One of the things that appeals to me about webcomics, is that it’s given a rise to a great number of autobiographical comic artists. These comic artists tend to be primarily young writers and artists, and webcomics allow them a chance to share the highlight of their day or those split-second funny moments with the rest of the world. It also has other benefits, such as allowing the writer/artist to perfect deadlines, improve their storytelling and artwork…but I digress. This increase I think has helped develop and nurture young writers/artists and introduce them to the world (and allow them to get published), such as Natalie Nourigat, the creator of this work. Natalie shares with readers a day by day account of her senior year in college–her adventures in finishing homework, of sorority life, of finding those quiet moments in hectic time, of wondering what life will be like after college. It’s these types of moments that are easy for anyone to relate to.
While a number of the comics share the seemingly trivial aspects of the day, Natalie allows us to take a close look at who she is, what drives her and makes her who she is, and at times giving us deeply personal glimpses into her life as a young woman just about to enter the real world. And to me that’s the best thing about this work. She doesn’t try to hide those moments that others might be embarrassed about or hide the genuine love that she feels for her family and friends. It’s like she’s got a video camera with her and we get to follow her along everywhere that she goes. And yes there are days where it feels like nothing has happened or that the moment she shared with us is less than interesting, but that’s what makes this such a great work. She bares her life to us. It inspires me to create an autobiographical webcomic…not that my day would be interesting as Natalie’s but…still.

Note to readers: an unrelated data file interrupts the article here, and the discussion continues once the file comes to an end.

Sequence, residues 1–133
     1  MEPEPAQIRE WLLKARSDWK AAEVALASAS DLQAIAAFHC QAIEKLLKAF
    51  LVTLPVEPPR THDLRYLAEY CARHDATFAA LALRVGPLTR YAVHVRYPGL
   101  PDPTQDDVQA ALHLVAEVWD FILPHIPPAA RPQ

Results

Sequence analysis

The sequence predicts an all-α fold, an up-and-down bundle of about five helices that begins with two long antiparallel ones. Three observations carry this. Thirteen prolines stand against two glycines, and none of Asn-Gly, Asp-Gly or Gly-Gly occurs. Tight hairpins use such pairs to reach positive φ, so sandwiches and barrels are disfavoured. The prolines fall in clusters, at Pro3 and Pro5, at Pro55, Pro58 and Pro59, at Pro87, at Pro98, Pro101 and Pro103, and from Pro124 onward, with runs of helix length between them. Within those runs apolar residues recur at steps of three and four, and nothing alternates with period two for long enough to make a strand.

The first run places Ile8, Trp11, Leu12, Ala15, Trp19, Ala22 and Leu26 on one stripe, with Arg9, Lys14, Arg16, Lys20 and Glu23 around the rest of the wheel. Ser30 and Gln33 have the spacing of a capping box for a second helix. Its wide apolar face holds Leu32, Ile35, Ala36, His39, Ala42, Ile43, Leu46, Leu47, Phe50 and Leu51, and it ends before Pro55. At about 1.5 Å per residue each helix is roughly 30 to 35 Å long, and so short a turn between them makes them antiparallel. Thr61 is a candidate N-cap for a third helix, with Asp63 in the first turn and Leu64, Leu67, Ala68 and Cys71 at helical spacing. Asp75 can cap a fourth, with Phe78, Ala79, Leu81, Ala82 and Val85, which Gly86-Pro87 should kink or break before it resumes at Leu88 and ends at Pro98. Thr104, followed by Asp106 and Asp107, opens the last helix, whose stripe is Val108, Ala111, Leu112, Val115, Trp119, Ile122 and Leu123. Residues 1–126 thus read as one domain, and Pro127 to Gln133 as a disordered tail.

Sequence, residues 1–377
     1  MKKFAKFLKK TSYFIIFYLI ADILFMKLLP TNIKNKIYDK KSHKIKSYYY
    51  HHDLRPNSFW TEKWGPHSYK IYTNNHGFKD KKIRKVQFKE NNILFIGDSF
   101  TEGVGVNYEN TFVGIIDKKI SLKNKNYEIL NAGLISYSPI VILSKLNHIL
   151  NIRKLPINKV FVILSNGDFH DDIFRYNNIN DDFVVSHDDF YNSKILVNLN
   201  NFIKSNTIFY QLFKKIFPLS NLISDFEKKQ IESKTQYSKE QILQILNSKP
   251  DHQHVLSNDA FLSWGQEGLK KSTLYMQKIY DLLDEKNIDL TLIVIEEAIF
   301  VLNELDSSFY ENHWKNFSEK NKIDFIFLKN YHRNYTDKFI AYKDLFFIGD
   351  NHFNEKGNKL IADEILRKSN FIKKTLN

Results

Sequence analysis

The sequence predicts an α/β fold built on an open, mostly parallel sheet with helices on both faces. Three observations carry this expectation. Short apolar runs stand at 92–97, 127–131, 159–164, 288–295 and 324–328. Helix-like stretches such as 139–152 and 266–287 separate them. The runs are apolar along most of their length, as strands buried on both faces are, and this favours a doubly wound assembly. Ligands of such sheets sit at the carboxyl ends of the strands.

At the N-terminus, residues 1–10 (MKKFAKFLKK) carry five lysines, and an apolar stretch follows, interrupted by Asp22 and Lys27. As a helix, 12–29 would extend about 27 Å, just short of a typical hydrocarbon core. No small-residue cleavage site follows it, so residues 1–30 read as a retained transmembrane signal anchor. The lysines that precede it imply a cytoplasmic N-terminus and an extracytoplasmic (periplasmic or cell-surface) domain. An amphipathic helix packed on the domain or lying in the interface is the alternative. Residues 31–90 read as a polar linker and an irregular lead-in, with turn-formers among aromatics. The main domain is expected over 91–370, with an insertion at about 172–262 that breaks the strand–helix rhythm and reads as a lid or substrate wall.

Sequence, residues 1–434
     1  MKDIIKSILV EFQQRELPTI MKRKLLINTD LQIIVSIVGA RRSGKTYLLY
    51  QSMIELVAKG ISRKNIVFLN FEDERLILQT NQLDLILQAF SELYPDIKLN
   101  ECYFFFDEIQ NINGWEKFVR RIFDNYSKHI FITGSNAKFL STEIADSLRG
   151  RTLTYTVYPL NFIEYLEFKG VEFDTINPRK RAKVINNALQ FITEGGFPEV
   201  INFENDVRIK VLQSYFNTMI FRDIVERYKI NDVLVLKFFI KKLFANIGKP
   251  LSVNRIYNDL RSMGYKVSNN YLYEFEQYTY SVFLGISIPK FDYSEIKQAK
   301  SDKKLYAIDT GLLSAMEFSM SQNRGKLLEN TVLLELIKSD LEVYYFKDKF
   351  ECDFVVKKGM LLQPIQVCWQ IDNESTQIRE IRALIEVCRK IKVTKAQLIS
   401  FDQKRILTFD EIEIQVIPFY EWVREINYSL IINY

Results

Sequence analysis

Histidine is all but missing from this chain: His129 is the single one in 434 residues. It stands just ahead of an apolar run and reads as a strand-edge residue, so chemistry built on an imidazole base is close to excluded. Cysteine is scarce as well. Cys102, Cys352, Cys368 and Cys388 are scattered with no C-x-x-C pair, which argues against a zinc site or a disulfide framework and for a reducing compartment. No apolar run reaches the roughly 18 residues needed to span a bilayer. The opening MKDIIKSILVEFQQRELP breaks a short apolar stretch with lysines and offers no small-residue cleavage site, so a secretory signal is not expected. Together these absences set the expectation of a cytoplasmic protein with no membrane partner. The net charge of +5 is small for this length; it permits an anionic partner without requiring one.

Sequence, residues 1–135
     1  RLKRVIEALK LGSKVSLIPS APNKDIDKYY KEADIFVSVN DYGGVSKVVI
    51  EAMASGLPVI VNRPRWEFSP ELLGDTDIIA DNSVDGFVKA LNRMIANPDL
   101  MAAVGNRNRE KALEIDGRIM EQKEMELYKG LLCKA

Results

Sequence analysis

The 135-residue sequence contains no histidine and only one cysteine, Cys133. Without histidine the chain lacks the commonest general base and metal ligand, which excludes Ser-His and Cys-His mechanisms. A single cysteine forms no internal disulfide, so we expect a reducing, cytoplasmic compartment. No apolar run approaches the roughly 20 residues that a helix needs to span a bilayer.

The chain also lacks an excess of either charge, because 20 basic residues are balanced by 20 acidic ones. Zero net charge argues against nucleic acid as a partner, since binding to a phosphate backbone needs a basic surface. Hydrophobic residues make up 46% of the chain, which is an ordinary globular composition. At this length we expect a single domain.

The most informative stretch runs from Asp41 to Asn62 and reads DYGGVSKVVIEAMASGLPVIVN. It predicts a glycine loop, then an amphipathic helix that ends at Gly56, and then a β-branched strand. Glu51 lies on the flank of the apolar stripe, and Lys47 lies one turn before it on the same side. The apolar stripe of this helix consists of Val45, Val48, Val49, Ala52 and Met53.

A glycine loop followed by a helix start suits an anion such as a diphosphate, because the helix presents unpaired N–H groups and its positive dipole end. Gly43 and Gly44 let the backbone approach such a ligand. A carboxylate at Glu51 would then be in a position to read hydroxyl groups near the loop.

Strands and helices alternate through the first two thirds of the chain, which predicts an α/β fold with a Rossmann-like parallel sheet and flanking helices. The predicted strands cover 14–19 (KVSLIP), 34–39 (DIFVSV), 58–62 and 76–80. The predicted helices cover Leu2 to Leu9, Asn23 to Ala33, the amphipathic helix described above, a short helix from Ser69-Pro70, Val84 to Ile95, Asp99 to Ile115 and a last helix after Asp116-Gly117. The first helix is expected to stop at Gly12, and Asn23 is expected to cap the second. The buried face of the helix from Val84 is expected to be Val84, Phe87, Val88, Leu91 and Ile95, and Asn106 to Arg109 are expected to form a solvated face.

Natalie’s artwork is deceptively simple, easily capturing the bare essence of the characters in a few simple lines and bringing to life the world around her. And the great thing about her doing a daily comic is that we get to see her art and style progress as she learns more about her craft and how to quickly capture those moments without spending days upon days trying to catch every detail. When she first starts the comic the artwork definitely has a more anime style to it in how the characters are drawn and move, and she uses thicker brush strokes to capture everything. But by the end of the book she’s progressed to a slightly more realistic style and thinner brush strokes. Don’t get me wrong, I like the artwork all throughout the book, but seeing the progression gives a great indication of the time and effort Natalie put into honing her craft (and an example that others can follow.) Overall the images are engaging and draw you in so that you can be a part of her life.
This is definitely a book that I’m purchasing for my shelves and I would recommend it to any fan of autobiographical comics. And while you can read all of the entries online (http://betweengears.smackjeeves.com/), do yourself a favor and buy the book so that you can see the details even better.